With Facebook letting users erase their web tracks, some advertisers worry they will lose an important connection to potential customers. Meanwhile, other advertisers are less concerned, confident consumers likely won’t mass delete their Facebook history.
A new setting will allow people to erase internet activity associated with their Facebook accounts. On Tuesday, Facebook said it was preparing advertisers for the change, because it could hurt the effectiveness of their campaigns, but it did not even release a launch date, even though it first revealed plans for the “clear history” button last year.
Phillip Huynh, VP of national paid social strategy at 360i, says Facebook’s “clear history” implementation seems unlikely to attract widespread adoption, and it is reminiscent of the General Data Protection Regulation in Europe—meaning there was lots of hype around that last year, but it did not kill internet advertising as feared.
“I think the rollout of GDPR provides a useful analogue here,” Huynh says. “We saw incredible amounts of conversation and concern across the industry ahead of launch, but it’s been out for over a year now, and not much has changed.”
Still, even though the new European privacy regime hasn't dramatically altered advertisers' experience, Facebook has warned of the impacts of the changing marketing landscape. It warned about its "clear history" tool, and during its latest quarterly call with Wall Street analysts David Wehner, Facebook's chief financial officer, said Europe's data rules have led to more consumers opting out of tracking online, which could be an indication of what's to come in the U.S.
"The number of people who have opted out of using context from the apps and Web Sites they visit for ad targeting has continued to increase since the adoption of GDPR, so we've seen that come up both in Europe and around the world," Wehner said in April. "That means those people are seeing new less relevant ads, and that's an ad targeting headwind for our business."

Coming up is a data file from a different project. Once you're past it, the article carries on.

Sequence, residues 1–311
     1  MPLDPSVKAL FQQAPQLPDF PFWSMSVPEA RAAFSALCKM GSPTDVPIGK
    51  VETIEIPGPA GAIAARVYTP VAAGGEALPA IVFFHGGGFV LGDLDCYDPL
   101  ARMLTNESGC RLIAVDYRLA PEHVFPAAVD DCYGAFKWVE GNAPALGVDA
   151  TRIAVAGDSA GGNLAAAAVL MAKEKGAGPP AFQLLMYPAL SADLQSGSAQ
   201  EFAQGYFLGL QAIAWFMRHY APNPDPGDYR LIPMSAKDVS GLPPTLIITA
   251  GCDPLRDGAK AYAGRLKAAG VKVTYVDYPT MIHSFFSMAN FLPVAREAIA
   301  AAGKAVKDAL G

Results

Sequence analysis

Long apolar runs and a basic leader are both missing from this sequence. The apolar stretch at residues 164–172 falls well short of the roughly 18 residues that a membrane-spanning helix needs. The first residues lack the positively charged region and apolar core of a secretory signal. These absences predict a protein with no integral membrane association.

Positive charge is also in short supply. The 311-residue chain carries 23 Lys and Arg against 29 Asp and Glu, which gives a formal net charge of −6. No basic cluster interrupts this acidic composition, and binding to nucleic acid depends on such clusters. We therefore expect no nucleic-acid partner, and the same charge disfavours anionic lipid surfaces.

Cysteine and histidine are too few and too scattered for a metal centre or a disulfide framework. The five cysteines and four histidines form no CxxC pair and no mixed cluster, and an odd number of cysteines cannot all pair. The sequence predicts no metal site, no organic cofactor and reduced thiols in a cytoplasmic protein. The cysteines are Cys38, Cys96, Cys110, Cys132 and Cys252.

There are very few details yet about how exactly "clear history" will impact advertisers, but according to people briefed on the program and from glimpses of what the company has released so far, it works like this: There is a “clear history” option under the ad settings in people’s accounts. People will be able to see what advertisers track them from websites and apps back to Facebook. And there will also be an option for people to prevent that type of marketing surveillance going forward.
Facebook declined to comment for this story.
Facebook developed the new tools just as the company has embarked on a new mission of making a more private future, as CEO Mark Zuckerberg has described it. Facebook’s newfound zeal for privacy comes as the whole digital tech industry is rethinking just how much data is being collected on internet users and what that means for security.
Google, too, has had to address its advertising platform and how it tracks web and mobile app users on all their devices. The search giant has promised to give people more control over what type of data gets collected, especially on its Chrome web browser. Google has said it will show users more clearly what websites have tagged them with cookies—files that log browsing patterns—and let people deactivate them.
All the changes mean that advertisers have to start coming up with new strategies to reach consumers with ads, because the old methods could send them to dead ends.
Facebook has told advertisers that “clear history” will start affecting them in the second half of this year.
Some advertisers are concerned about a future where people erase their cookies and clear their Facebook histories. Direct marketers in particular rely on pixels, which are similar to cookies and can identify when a Facebook user visited a brand’s app or site. A marketer might not close an easy sale if they can’t see that a person on Facebook just filled their shopping carts on their website, which is the type of data a pixel might hold.
“The e-commerce industry is the one that is screwed in this,” says David Herrmann, co-owner of Social Outlier, a social media agency. “We did nothing wrong. We’re being thrown under the bus.”
Performance marketers like Herrmann are not after simple ad views; they need to show results from ad campaigns, which often requires sophisticated messaging. For instance, a marketer might serve one ad that prompts a consumer to click and visit a brand’s website. That’s when the marketer can deploy a pixel that will identify the user when he or she is back on Facebook.
Then, the marketer retargets them with a new ad with a more aggressive sales tactic like a special offer. If the user clears their history, that pixel connection is lost.
“That is a wasted ad,” Herrmann says.